Suppose, for instance that Apple were to source a particular model’s battery unit (most massive component of an EV) in Canada (feasible in this case, though the Spy isn’t claiming special knowledge). To cut costs, time, and shipping inconvenience, it might make sense to assemble that car in Canada. OTOH, another model might be assembled in the U.SA., even though most of its production was destined to be sold in Canada because it has been specially winterized. (Up here in the frozen North, we don’t use garages; we just build storage igloos as needed.) The point is that such preferential tariffs would break the whole supply and assembly chain model that has worked so well for decades in North America. It’s a mix of high and low tech these days, but the system ain’t broke, and don’t need fixing.
The fragility of optimized supply chains
is also well-illustrated by what is happening in Southwest British Columbia the last few weeks. Freak storms (perhaps no longer “freak”) called “atmospheric rivers” (an oceanic-sourced supply chain of water) have repeatedly pounded the coastal region, each dumping up to a full month’s rain in hours, causing massive floods and landslides. At one point all highways, rail lines, and the main pipeline into the area were closed, cutting off land access to greater Vancouver from the rest of Canada. The highways are now closed again.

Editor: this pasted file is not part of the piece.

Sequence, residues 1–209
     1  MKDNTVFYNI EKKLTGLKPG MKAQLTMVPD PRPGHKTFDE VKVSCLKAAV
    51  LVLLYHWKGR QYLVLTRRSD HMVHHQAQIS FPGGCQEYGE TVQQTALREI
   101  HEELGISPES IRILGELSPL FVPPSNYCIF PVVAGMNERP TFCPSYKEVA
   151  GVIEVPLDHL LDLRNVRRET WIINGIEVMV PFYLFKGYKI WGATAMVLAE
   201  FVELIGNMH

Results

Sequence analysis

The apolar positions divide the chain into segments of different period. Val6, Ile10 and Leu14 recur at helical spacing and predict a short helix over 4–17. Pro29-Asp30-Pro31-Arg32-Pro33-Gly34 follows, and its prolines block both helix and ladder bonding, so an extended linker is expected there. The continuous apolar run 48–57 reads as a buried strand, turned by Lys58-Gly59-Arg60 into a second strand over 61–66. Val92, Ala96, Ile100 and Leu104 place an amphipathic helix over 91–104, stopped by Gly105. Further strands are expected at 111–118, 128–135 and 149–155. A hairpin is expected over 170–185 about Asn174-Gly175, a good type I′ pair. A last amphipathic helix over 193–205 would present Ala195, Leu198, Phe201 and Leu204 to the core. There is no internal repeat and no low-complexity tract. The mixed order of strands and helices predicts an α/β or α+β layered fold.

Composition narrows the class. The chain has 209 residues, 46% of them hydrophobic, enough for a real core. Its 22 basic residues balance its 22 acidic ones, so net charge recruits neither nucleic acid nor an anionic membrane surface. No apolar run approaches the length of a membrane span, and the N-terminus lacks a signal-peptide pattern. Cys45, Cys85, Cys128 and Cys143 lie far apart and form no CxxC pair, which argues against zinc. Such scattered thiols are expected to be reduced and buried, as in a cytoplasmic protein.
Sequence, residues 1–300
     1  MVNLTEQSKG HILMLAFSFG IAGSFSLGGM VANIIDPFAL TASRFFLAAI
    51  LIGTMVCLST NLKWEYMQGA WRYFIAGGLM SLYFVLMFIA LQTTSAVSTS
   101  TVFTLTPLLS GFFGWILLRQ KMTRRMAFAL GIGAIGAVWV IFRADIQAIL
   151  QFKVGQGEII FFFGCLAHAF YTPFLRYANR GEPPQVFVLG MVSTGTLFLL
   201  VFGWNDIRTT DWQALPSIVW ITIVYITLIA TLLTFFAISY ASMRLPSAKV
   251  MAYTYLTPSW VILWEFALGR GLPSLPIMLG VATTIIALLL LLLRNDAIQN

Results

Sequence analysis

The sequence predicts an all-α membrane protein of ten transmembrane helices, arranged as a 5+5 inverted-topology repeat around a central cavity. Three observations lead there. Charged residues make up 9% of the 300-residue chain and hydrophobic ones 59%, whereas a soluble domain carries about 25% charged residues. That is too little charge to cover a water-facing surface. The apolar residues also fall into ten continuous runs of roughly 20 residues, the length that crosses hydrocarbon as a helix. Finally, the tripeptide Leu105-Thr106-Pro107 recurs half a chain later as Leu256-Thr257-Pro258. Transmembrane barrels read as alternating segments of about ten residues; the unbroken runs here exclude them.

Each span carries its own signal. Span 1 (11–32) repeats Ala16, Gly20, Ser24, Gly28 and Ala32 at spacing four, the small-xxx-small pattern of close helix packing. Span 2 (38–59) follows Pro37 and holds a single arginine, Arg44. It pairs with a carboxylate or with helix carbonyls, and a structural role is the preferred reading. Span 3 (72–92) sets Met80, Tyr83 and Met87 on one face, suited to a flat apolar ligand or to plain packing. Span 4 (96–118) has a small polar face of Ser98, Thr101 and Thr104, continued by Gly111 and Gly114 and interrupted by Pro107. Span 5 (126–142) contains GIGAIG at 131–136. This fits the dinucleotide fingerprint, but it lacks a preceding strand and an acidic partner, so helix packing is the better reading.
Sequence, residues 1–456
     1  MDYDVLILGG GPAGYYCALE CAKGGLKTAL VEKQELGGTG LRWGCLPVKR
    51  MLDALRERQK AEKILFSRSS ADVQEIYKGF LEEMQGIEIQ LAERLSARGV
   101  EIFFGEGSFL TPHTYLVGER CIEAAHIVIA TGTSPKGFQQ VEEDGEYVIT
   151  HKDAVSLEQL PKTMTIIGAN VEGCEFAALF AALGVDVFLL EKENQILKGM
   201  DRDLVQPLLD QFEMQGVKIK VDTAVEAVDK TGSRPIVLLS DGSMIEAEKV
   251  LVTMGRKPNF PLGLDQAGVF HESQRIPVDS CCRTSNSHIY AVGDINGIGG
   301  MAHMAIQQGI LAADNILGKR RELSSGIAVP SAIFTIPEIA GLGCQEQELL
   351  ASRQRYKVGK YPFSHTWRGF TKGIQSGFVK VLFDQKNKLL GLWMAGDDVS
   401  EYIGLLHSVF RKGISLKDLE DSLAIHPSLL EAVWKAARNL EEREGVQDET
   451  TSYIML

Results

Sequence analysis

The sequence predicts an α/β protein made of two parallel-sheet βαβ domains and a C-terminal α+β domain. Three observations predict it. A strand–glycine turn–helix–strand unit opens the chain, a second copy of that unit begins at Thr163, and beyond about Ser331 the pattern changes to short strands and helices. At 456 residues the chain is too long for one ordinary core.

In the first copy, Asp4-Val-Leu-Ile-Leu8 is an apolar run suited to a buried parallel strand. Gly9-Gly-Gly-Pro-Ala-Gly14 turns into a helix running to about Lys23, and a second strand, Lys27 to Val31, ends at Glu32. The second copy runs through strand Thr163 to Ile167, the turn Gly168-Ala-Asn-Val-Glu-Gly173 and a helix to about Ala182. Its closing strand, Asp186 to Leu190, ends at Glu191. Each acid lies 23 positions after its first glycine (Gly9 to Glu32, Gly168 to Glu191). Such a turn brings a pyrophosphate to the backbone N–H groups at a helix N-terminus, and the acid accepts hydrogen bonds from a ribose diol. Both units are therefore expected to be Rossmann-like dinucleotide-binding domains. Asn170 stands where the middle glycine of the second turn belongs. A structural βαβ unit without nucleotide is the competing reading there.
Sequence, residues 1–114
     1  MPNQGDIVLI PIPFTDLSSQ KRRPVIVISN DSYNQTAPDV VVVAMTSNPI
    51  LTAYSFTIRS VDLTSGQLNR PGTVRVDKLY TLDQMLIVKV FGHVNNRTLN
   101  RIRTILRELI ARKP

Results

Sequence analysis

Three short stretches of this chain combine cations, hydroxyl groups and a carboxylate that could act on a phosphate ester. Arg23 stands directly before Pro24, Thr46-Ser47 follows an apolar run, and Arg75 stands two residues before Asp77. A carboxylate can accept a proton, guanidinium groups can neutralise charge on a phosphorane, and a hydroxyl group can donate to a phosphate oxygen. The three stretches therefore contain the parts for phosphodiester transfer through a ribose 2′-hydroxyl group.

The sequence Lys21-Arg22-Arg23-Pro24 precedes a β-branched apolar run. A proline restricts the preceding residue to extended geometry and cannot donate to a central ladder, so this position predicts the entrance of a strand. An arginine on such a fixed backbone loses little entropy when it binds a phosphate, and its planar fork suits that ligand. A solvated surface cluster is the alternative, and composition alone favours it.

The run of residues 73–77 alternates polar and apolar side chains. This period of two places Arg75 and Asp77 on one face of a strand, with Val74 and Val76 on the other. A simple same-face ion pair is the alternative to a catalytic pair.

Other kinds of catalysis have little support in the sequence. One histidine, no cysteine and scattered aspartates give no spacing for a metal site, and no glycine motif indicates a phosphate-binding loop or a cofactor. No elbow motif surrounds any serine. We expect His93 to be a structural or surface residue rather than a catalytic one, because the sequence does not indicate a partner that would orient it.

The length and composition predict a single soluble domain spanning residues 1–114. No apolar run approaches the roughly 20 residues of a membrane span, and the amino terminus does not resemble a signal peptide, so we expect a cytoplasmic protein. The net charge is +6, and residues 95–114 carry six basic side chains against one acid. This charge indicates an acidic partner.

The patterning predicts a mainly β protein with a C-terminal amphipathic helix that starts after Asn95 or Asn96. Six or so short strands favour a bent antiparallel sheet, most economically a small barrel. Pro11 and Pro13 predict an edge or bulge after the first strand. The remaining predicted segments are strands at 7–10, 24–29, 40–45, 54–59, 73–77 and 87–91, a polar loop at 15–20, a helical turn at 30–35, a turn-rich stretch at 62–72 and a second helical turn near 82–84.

Since the flooded area, once a lake bottom that is normally kept dry by canals and enormous pumps set up in the 1920s, is also mostly agricultural land, producing milk, eggs, chickens, fruit, and vegetables, and when no highways are functional, the entire grocery supply chain is cut off. Gasoline remains rationed (no pipeline), and as this writing, yet another storm is dumping more rain. At least one highway is likely to be closed for months, and it’s not clear whether another in the interior can be repaired at all.
The crisis initially led to crowding in grocery stores, some hoarding, people going from one gas station to another to fill up, but also to spectacular heroism and acts of human kindness in saving drivers from mudslides, and rescuing farmers and endangered dairy cows from underwater properties, plus providing accommodations and food from scant resources for the many thousands of evacuees from the Abbotsford, Merritt, and Princeton communities. Thus far only a handful of people have died (all in highway washouts), but thousands have their homes and livelihood destroyed.
BTW, in case you wondered, yes, the Spy indeed does live in Abbotsford–and in the country, not in the relatively untouched urban centre. However, his manse is on 2 Ha of rolling land that is kitty corner across the entire township from the flooded quarter, and on far higher ground. Moreover, though the creeks in his deep ravines are roaring torrents these days, they are a long way below the manor house, and no threat.